Wednesday, 28 September 2016

Obama's Education Secretary “Concerned” About Homeschooling

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The opening shot in a widely anticipated establishment crackdown on educational freedom may have been fired last week. Speaking at a breakfast with reporters, Obama's controversial Education Secretary, pro-Common Core activist John King (shown), said he was “concerned” that some home-educated children were not getting the “breadth of instructional experience” they would get at a traditional school. While the senior Obama bureaucrat acknowledged that many homeschool families are doing it well, he also repeated the debunked smear that homeschooled children lack opportunities for socialization. Experts and critics, though, promptly lambasted King for his naive or malicious comments, suggesting that, if anything, he ought to be far more concerned about children in public schools. Some experts even offered to help educate Obama's education chief on the issue.  

Secretary King's controversial remarks about home education were made during an event hosted by the Christian Science Monitor. While the Monitor's website did not report about the home-education comments, several other outlets, including Politico, did so. According to Politico, King said he was “concerned” that homeschooled students are not “getting the range of options that are good for all kids.” He also claimed to worry that “students who are homeschooled are not getting kind of the rapid instructional experience they would get in school,” unless parents are “very intentional about it.” He said the “school experience” includes building relationships with “peers, teachers and mentors,” something that he claimed was “difficult to achieve in homeschooling unless parents focus on it.”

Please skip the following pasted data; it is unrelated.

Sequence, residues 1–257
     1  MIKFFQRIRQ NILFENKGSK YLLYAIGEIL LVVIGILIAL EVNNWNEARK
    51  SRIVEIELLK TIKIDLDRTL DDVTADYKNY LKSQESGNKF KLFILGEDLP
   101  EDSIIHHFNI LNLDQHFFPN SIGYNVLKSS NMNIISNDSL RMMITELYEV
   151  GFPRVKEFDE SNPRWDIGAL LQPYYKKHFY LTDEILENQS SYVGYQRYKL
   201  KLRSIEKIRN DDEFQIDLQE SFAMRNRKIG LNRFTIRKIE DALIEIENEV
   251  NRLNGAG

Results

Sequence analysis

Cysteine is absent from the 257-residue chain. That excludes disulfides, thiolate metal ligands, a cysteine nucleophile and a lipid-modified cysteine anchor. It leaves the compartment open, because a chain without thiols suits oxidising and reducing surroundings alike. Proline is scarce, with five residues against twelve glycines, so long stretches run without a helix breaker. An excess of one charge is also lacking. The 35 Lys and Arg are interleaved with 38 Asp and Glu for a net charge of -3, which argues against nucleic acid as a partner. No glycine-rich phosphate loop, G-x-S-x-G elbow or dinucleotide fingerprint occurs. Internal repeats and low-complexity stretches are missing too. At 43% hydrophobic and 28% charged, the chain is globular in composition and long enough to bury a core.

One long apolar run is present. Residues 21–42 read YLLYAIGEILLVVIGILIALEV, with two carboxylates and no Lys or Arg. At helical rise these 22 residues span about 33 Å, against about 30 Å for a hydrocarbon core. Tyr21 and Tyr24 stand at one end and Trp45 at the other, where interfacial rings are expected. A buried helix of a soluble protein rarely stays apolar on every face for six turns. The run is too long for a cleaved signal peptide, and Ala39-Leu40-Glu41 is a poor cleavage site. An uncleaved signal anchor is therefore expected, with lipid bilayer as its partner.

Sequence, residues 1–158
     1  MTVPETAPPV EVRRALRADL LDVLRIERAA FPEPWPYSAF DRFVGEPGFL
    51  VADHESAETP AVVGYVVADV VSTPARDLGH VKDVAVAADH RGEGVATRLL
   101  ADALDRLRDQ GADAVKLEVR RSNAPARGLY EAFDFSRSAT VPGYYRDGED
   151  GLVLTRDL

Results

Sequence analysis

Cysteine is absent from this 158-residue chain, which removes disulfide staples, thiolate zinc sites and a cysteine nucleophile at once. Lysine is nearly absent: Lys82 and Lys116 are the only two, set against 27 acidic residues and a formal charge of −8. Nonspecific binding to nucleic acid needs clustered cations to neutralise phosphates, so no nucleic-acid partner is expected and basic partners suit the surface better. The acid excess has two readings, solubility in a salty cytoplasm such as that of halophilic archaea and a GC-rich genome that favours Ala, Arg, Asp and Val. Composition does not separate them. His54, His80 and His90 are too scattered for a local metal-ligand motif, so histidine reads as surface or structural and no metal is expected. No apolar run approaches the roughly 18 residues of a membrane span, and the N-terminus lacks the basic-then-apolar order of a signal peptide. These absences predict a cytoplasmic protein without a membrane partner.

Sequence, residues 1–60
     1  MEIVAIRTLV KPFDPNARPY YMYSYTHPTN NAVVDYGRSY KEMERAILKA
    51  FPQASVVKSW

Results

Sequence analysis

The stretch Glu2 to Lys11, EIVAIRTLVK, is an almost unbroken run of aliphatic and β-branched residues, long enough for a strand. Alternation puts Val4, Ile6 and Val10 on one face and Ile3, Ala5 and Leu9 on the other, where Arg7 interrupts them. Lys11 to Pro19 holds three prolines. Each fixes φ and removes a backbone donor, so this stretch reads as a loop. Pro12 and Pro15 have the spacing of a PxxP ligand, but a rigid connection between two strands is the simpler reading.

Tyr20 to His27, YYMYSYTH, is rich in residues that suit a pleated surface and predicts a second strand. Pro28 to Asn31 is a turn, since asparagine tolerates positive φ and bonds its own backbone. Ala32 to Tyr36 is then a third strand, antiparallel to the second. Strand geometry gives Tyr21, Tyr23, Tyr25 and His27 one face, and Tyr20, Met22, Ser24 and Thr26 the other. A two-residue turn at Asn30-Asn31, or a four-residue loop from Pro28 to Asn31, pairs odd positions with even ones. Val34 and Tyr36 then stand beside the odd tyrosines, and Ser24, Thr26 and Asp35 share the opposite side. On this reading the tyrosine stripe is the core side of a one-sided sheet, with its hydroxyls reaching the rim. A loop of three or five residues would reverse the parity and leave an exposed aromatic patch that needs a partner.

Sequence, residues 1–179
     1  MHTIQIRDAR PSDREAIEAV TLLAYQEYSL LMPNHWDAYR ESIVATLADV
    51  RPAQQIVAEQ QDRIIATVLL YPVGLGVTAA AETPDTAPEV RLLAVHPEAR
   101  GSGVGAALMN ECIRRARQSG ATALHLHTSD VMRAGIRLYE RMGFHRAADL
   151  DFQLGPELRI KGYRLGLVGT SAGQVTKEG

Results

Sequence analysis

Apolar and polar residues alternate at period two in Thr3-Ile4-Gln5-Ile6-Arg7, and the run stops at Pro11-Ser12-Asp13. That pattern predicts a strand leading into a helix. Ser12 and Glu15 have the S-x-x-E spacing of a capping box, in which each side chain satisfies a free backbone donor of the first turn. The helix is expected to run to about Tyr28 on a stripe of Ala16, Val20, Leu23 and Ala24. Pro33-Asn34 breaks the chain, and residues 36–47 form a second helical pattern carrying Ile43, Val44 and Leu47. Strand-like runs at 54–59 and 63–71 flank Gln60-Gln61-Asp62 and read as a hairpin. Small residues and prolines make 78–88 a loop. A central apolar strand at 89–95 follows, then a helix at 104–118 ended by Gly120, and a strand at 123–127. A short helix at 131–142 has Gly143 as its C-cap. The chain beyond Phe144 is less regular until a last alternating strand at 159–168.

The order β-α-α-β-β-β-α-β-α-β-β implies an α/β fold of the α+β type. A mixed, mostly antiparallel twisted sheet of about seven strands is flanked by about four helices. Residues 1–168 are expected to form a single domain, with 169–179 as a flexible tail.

More of his anti-homeschooling comments were reported by the Washington Examiner. “I worry that in a lot of cases students who are homeschooled are not getting the kind of the breadth of instruction experience they would get in school, they're also not getting the opportunity to build relationships with peers unless their parents are very intentional about it,” King was quoted as saying in response to a question about home education. “And they're often not getting those relationships with teachers and mentors other than their parents. I do worry whether home school students are getting the range of opportunities we hope for for all kids.”

Despite his supposed concerns, King did concede that he was aware of some homeschooling families who were “doing it incredibly well.” He also said he knew of home-educated students in college who had “very tremendous academic success.” Also, he noted that research showed homeschooling was growing in popularity. Estimates suggest as many as four percent of American children are homeschooled. The number is estimated at close to 2.5 million. For now, at least, King even acknowledged that education decisions are a matter for families to decide. “Obviously, it’s up to families if they want to take a homeschool approach,” he was quoted as saying in media reports. Legally, that is, of course, true — thanks to the hard work of many activists, lawyers, and parents, homeschooling is legal in all 50 states. It is also increasingly mainstream.  

While homeschooling experts and advocates appreciated that King was willing to acknowledge many facts about the success and popularity of home education, they also expressed concerns about King's supposed concerns. One of the leading experts in the field, President Brian D. Ray, Ph.D., of the National Home Education Research Institute (NHERI), countered much of the narrative pushed by King. In an interview with The New American, Ray explained that home-educated students actually have far more options than children in traditional schools.

“What he is saying is just factually incorrect,” Ray said. He pointed to all the options homeschooling families have, including home-education co-ops created by parents to join forces, free and paid tutoring services, mentorships, classes at local libraries, “everything imaginable.”